Written by Nunnally Johnson from a play by George Hembert Westley (real name George Hippisley, a humor writer and editor for the Boston Evening Transcript), House of Rothschild has the distinction of being one of the first movies (probably in fact the very first) to deal with the subject of anti-Semitism — this, mind you, just as the Nazis were coming to power in Germany. Nathan and his brothers deal with Jew-haters again and again, epitomized by Boris Karloff as the reptilian Count Ledrantz of Prussia and personified by the rioting mobs Ledrantz sets on the Jews in their ghettos all across Europe — until Napoleon’s escape from Elba puts Nathan once more in the financial driver’s seat. The picture was a powerful argument for tolerance in 1934, and it looks even more powerful today in light of what we now know was to come.
The House of Rothschild was a major hit and a succes d’estime for 20th Century, Oscar-nominated for best picture (it lost to It Happened One Night). Reviewers hailed it as one of the best pictures of George Arliss’s career, maybe even the very best — a judgment that holds up today. Variety’s “Land” called it “one of those occasional 100% smashes which Hollywood achieves.” In the New York Times, Mordaunt Hall enthused, “Mr. Arliss outshines any performance he has contributed to the screen, not excepting his expert and highly revealing interpretation of Disraeli.” In The New Yorker, even the perennially sniffy John Mosher concceded, “Mr. Arliss at last condescends to appear in a film of some maturity of purpose. His ‘House of Rothschild’ compares with his ‘Disraeli’ in quality as well as in the basic theme.” However, Mosher couldn’t forbear sniffing that the final scene was “soaked in abominable Technicolor for some mysterious reason.” The print we’re screening includes that scene in true IB Tech, so the Cinevent audience can judge for themselves the justice of Mr. Mosher’s complaint.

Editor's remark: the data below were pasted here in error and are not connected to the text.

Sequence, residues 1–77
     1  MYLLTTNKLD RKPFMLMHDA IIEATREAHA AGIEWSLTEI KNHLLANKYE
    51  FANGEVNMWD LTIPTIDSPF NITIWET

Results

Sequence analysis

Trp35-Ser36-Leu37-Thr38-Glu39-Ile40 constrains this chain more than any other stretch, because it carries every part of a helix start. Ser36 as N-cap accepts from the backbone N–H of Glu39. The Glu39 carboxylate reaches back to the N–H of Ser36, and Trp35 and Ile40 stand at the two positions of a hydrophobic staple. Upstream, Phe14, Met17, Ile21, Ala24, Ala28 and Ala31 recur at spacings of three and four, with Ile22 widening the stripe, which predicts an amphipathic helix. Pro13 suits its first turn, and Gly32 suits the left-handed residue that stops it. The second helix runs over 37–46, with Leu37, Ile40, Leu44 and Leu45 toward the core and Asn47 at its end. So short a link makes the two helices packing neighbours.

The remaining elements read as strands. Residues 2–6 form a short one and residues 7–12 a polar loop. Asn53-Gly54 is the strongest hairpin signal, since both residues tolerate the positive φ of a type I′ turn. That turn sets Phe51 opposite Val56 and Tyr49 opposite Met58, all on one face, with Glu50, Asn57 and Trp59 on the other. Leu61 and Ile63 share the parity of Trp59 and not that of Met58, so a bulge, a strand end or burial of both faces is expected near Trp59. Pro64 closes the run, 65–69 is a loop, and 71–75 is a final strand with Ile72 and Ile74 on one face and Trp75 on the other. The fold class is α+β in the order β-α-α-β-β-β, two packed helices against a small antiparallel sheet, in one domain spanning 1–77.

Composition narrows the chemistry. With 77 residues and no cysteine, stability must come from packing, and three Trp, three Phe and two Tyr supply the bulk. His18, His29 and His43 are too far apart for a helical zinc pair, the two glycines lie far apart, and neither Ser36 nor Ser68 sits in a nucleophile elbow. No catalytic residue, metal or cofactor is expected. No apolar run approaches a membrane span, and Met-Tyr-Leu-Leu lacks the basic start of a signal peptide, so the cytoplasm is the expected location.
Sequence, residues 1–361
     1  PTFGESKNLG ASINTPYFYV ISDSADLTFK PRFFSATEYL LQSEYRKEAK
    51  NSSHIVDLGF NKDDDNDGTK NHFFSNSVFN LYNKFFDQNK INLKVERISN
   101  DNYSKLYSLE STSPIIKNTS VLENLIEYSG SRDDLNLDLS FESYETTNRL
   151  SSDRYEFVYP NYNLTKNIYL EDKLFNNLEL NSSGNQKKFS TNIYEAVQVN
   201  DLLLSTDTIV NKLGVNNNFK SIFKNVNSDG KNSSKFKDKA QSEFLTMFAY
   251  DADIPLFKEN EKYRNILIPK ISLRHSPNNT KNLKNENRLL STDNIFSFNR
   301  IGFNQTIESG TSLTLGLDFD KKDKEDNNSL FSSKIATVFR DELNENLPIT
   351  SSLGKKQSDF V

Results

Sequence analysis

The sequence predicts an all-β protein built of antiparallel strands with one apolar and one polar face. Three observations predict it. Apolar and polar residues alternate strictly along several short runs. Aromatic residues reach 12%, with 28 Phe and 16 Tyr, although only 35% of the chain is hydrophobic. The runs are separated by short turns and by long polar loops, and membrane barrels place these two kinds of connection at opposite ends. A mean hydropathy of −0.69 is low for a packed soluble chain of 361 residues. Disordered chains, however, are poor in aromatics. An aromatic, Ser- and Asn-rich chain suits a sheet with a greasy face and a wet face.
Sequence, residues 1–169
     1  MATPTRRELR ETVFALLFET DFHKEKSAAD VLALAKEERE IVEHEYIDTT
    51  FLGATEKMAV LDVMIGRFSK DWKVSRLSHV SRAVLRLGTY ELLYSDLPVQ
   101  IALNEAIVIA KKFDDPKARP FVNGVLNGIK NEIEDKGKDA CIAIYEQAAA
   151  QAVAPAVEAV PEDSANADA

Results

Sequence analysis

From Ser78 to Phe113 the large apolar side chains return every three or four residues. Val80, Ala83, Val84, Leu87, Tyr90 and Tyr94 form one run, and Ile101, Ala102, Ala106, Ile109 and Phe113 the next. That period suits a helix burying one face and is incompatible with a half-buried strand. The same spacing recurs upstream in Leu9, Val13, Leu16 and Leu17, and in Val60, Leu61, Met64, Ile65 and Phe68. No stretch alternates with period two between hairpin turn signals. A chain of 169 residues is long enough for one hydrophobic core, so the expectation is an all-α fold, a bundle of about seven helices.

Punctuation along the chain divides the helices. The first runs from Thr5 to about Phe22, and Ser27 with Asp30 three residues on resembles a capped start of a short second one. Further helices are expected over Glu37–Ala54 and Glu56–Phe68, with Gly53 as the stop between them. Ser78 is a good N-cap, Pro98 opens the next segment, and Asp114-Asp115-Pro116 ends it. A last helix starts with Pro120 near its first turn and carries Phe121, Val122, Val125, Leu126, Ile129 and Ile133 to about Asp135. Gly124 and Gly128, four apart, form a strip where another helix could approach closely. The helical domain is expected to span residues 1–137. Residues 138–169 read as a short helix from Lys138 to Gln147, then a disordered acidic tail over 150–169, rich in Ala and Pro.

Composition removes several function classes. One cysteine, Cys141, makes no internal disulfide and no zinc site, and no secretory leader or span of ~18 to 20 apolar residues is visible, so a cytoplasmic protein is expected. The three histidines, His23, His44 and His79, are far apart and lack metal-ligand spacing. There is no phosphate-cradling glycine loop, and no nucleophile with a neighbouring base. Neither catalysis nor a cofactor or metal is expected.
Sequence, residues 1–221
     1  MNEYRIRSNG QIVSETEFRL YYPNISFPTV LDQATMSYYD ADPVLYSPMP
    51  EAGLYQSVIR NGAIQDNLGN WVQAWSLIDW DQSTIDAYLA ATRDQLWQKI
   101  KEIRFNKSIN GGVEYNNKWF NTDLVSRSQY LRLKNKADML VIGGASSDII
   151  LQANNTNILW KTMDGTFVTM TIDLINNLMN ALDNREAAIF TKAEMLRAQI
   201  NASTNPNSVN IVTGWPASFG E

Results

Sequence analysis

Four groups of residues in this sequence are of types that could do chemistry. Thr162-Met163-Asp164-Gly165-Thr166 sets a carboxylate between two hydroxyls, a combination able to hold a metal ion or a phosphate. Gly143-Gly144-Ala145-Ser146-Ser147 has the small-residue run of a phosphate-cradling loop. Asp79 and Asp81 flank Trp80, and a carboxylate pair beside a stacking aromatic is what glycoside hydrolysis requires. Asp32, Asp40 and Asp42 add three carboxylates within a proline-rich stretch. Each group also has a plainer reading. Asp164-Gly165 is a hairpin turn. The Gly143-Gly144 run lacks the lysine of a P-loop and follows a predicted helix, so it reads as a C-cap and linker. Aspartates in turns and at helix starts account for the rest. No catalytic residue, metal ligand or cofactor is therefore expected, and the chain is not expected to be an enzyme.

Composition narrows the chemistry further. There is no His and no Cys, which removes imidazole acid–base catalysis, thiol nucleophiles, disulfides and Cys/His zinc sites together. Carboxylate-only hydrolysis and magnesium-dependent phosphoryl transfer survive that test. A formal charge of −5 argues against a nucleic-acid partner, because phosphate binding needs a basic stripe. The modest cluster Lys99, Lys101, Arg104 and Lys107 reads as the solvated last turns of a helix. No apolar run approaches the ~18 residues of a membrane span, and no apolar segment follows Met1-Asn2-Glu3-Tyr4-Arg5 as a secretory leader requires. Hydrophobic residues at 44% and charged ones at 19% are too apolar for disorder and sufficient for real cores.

The first night was rounded out by Tomorrow at Ten, a British picture from 1962. Robert Shaw — already a veteran of British TV (The Buccaneers) and on the cusp of stardom that would come his way with From Russia With Love (’64) and A Man for All Seasons (’66) — plays Marlowe, a cold-eyed criminal who kidnaps a wealthy man’s little boy and stashes him in an isolated, anonymous rented house with a little “golliwog” doll to keep him company. Then he brazenly walks into the boy’s home and demands 50,000 pounds sterling and free passage to Brazil. Only then will he phone the father and reveal the boy’s location.
Inevitably, the police are called in, but Marlowe is unruffled. His trump card: that golliwog doll is a time bomb, and it’s set to go off the next morning at ten a.m. How all this plays out, especially after Marlowe dies without disclosing the boy’s whereabouts, makes for a nifty little thriller, a rare (for Americans) look at a British B-picture. (This one, unlike most British Bs, got a stateside release in 1965, after Shaw had made a name for himself with U.S. audiences in From Russia With Love, playing a role very similar to Marlowe.) It was a good way to close out the first day of Cinevent.
And the weekend was only beginning.